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THE NUTS and BOLTS of ARIZONA BIKE WEEK
by Douglas Chasar
Like the crack of a starter's pistol, Arizona Bike Week (ABW) unequivocally announces the beginning of the riding season in the Grand Canyon State and much of the Southwest. Representing the beginning for most of us, ABW is the end for Rich Dillman, culminating twelve months of thinking, planning, organizing and finally putting all the pieces into place.

"We start thinking about the next ABW as soon as this one is over," says Dillman, who has been director of the event for four years. "Our plan is to keep growing and making it better."

The Handlebar Saloon will bring back all the events enjoyed last year with the addition of boxing and kickboxing, charity casinos and live bands both day and night. The billiard tournament, which began as a few guys playing pool, has grown into a professional event with pro-am competitions. The things that work are brought back with several additions and improvements. This year's entertainment package will include freestyle motorcross stunt riders and an overall improvement in racing. As long as people keep enjoying the events, ABW will keep putting them on.

Dillman stresses the most difficult thing about ABW is getting everything to come together. It is not easy getting all the aftermarket manufacturers, franchise dealers, restaurants and hotels to begin thinking about ABW eight months in advance. Most people don't think about the event until it's just around the corner, and by then it is too late.

As a structured event, ABW is made possible only through a multitude of companies, people and the media coordinating their efforts. Food vendors, bands, security, trash collection and power all have to be coordinated to make ABW work. Without organization, there are just a bunch of things happening at the same time and place with no continuity.

Furthermore, ABW requires the support of the community, and though some communities are receptive to what ABW represents, some are not. People, however, are becoming more flexible and understanding to what motorcycle riders are doing for the community as a whole. More people are beginning to realize motorcycle riders are doctors, lawyers and business professionals, moms, dads, sisters and sons, all good, generous and respectful people. Reflecting on more than just motorcycle riders, International participants always have very good things to say about ABW and the people in the community.

Dillman expects this year's ABW will see an increase in participants over previous years. He further suggests the great thing about ABW compared to some other events around the country is that the community can bring in over two hundred thousand riders and there is still room, the crowds don't get overbearing. Since not everything can be done in ten days, ABW needs the continuing support of the local market and encourages feedback to help make the event better and better each year.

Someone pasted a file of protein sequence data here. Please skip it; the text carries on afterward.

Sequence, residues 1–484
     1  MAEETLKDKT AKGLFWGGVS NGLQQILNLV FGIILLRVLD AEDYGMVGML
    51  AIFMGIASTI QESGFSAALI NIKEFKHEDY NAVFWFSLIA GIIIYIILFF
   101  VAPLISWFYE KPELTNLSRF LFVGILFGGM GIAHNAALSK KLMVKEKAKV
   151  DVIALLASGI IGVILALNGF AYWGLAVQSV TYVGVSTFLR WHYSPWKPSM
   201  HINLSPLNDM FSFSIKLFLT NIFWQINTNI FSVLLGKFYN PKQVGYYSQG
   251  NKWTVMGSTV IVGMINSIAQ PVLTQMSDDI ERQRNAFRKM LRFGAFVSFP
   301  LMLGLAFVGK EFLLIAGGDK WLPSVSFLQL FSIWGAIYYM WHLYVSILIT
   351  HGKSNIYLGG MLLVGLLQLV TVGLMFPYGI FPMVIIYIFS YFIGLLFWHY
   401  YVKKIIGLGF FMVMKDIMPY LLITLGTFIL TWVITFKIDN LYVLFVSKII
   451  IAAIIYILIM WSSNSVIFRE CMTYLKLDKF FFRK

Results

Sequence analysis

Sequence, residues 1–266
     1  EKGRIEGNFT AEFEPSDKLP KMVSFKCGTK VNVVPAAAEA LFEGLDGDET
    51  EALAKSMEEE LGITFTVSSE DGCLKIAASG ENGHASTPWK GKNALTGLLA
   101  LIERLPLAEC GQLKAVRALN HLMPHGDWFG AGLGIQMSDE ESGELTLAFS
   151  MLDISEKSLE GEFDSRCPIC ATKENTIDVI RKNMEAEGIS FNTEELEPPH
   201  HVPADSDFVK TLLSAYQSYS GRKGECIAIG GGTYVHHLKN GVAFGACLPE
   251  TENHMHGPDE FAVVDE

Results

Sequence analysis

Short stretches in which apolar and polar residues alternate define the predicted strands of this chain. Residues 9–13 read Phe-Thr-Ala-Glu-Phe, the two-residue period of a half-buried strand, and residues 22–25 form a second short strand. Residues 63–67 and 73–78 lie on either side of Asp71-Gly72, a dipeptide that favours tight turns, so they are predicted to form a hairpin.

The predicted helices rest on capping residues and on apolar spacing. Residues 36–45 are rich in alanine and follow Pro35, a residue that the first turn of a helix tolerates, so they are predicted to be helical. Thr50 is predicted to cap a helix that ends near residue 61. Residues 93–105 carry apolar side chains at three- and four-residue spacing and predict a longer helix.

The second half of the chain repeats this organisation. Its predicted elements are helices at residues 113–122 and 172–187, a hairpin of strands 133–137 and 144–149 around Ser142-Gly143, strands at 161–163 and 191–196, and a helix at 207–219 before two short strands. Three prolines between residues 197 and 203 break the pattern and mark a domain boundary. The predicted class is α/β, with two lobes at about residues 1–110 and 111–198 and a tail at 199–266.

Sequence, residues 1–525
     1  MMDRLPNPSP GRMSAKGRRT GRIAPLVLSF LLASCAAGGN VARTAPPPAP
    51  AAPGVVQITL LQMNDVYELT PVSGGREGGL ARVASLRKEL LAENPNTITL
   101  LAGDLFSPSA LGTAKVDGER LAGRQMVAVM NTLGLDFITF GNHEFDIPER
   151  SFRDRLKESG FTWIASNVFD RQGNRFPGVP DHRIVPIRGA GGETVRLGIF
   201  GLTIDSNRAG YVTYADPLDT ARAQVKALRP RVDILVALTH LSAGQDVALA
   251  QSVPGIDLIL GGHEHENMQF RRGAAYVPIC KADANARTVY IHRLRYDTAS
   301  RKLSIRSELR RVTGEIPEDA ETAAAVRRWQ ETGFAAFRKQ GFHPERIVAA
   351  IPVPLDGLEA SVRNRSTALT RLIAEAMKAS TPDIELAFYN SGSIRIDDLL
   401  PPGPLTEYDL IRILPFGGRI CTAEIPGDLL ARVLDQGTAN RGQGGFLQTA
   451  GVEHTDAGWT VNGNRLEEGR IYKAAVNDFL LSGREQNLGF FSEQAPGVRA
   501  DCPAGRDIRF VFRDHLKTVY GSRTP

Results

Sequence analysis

"We're trying to make everything better through our dedication and passion," says Dillman. ABW plans activities to keep people involved and entertained. Spanning ten days, ABW hosts 27 events including Scottsdale Cyclefest, the largest manufacturer/vendor expo in the southwest. This year Cyclefest spans five days, open an extra day to include everything that's going on and give everybody a chance to participate.

The social climate and economy aren't the same as they were a few years ago, however. This year ABW is forced to charge a gate fee to Cyclefest offsetting stepped up security expenses and other related costs. The fee is good for all five days of Cyclefest, though, and the $5 cover charge to enter the Handlebar Saloon has been waived. So, rather than paying the saloon's cover charge possibly five times during the event, participants will only have to pay the one time gate fee. Additionally, ABW sanctioned charity ride participants will be admitted to Cyclefest for free the day of the ride.

Dillman confesses that when fuel costs go up everything goes up and things just can't be free anymore, however, "The last thing people are reluctant to spend money on is recreation. People want to get out and be where other people are. We want ABW to be a place for people to come and build good memories about motorcycling."

Asserting he could not do everything by himself, Dillman credits much of the work to Al Corte and the staff of Outback Productions. He closes with a simple and sincere invitation, "Come, enjoy, have a good time and be safe. We want to see you next year."

Ride safe, ride often...hell, just ride! - dpc



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